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In the page 17 of The C Programming Language, 2nd Edition the writer says that

The precedence of != is higher than that of =

So when I want to test it, it's not that way. This is my simple program:

#include <stdio.h>

int main() {
    int inp;

    while(inp = getchar() != EOF) {
        putchar(inp);
    }
}

Which I try to read an input and show it to the user. When I try that, nothing happen and the screen is empty, but when I try this one, everything works fine:

#include <stdio.h>

int main() {
    int inp;

    while((inp = getchar()) != EOF) {
        putchar(inp);
    }

}

What's the matter? I have gcc version 4.2.1 (Based on Apple Inc. build 5658) (LLVM build 2336.11.00).

share|improve this question
3  
If the precedence is higher, won't it be interpreted as inp = (getchar() != EOF)? – Blender May 5 '13 at 6:56
4  
Please note that = does not mean "equal to". It is the assignment operator. == is "equal to". – Andy Lester May 5 '13 at 7:02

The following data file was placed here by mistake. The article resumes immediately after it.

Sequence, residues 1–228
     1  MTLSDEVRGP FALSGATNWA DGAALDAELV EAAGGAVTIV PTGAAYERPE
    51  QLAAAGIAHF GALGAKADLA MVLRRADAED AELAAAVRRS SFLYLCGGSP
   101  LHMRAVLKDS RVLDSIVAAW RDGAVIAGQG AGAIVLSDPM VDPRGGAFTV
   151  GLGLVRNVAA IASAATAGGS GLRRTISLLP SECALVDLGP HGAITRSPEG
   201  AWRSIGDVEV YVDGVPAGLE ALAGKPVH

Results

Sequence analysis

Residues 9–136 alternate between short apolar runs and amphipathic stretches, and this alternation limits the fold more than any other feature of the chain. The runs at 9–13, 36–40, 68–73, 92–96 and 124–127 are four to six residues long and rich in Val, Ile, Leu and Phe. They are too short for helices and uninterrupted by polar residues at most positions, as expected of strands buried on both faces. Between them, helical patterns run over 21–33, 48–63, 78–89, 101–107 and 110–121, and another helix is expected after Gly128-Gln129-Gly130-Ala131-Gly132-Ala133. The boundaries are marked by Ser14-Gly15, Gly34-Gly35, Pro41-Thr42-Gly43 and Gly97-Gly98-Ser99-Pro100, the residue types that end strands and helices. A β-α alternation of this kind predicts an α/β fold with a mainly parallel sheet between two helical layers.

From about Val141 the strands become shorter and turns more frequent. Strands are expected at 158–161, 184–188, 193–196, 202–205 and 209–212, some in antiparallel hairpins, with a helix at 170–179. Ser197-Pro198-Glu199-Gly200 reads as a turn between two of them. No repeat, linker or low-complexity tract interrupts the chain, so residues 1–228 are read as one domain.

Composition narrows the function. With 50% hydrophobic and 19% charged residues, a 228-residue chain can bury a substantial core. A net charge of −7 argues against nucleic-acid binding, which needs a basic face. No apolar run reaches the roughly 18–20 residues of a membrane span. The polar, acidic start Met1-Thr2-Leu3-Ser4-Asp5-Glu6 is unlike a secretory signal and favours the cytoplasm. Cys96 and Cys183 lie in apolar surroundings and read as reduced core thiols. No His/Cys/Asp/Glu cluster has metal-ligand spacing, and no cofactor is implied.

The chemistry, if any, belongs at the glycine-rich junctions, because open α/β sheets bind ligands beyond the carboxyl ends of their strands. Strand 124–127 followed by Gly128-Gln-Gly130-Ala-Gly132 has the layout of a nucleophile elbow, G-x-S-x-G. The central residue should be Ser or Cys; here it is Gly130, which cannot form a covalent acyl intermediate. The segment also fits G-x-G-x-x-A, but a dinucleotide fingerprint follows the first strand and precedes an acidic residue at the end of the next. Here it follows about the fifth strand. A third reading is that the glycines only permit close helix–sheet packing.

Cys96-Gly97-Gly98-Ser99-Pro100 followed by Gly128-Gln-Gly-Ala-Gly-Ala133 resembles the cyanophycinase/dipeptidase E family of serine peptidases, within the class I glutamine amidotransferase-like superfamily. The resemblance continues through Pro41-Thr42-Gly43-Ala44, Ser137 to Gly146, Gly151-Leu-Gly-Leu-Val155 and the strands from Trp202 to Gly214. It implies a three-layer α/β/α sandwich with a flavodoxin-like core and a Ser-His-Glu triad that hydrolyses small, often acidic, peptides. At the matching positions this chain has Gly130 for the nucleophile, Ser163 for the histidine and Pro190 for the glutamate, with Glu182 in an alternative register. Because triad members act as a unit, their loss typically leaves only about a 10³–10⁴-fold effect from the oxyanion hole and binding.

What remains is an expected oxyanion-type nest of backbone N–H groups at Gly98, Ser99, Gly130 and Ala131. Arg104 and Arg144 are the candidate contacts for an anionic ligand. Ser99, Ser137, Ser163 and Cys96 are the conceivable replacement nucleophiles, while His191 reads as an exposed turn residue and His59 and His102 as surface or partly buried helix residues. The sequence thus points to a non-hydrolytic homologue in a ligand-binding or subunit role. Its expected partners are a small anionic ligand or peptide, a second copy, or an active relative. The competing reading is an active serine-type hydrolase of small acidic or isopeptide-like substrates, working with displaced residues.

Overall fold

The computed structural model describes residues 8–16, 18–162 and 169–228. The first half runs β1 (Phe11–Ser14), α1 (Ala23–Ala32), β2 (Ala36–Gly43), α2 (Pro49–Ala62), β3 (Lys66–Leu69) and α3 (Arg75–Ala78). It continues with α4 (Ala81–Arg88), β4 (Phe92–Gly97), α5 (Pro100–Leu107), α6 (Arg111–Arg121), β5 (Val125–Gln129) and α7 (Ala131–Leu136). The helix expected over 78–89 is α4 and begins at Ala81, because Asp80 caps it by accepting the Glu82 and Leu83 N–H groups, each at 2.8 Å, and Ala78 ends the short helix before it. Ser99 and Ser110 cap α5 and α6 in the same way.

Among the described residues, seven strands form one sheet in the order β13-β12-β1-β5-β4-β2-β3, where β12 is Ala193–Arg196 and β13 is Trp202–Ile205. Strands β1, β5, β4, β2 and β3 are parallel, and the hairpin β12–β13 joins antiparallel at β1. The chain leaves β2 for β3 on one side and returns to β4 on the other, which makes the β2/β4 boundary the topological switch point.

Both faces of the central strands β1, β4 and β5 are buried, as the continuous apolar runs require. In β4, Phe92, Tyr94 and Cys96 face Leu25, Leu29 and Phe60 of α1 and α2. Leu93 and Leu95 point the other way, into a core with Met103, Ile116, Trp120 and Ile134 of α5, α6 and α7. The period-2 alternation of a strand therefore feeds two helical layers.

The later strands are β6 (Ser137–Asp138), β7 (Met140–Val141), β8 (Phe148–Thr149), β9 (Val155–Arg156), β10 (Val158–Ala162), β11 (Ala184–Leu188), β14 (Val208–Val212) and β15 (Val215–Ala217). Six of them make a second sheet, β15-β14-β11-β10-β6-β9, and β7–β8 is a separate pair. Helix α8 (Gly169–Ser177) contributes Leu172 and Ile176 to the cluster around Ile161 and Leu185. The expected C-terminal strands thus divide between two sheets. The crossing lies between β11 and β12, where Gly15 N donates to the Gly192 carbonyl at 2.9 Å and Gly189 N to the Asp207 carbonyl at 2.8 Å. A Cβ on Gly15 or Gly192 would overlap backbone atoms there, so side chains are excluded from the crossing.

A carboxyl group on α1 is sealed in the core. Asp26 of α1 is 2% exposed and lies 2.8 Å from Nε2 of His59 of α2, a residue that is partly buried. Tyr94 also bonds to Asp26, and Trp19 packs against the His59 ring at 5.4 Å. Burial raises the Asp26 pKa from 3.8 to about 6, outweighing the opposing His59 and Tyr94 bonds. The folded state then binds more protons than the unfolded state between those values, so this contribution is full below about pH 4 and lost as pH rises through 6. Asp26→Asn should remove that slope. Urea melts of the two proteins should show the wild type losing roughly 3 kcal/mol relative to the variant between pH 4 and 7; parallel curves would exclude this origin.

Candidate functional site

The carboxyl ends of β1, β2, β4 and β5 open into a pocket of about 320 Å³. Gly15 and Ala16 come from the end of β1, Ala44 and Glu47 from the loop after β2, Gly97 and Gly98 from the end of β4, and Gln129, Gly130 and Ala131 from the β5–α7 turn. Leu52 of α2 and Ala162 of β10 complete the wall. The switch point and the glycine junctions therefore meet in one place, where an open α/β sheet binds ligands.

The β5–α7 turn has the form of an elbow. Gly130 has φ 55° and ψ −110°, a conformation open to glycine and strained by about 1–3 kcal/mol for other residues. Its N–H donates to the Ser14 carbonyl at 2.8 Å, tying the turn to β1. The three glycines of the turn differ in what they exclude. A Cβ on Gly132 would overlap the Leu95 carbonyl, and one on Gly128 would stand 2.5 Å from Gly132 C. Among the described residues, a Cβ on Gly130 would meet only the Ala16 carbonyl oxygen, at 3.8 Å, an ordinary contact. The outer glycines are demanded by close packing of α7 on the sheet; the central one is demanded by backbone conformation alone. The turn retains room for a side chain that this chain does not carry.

up vote 11 down vote accepted

What's happening is exactly what you're saying, The precedence of != is higher than that of =.

That means that != binds harder than = and

while(inp = getchar() != EOF) {

is equivalent to;

while(inp = (getchar() != EOF)) {

That will set inp to the bool value of the comparison, not the character value you're looking for.

share|improve this answer
    
But non of them works for me. – Afshin Mehrabani May 5 '13 at 6:57
1  
@AfshinMehrabani They're not supposed to. The way to make it work is to override the precedence with parentheses (inp = getchar()) != EOF, exactly like you did with your working example. That assigns inp to the char, then compares the result of the assignment. – Joachim Isaksson May 5 '13 at 6:58
    
Sorry, my mistake. Thanks buddy :) – Afshin Mehrabani May 5 '13 at 7:38

Your two conditions are equivalent to:

char notEndOfFile = (getchar() != EOF); // notEndOfFile is a boolean
if(!(inp = notEndOfFile))    // inp is now a boolean, not the character input
   break;                    // break if notEndOfFile is false

This terminates at the right time, but doesn't assign inp as desired.

and:

inp = getchar();     // As desired
if(inp != EOF) break // break if inp is EOF

Terminates and assigns inp correctly.

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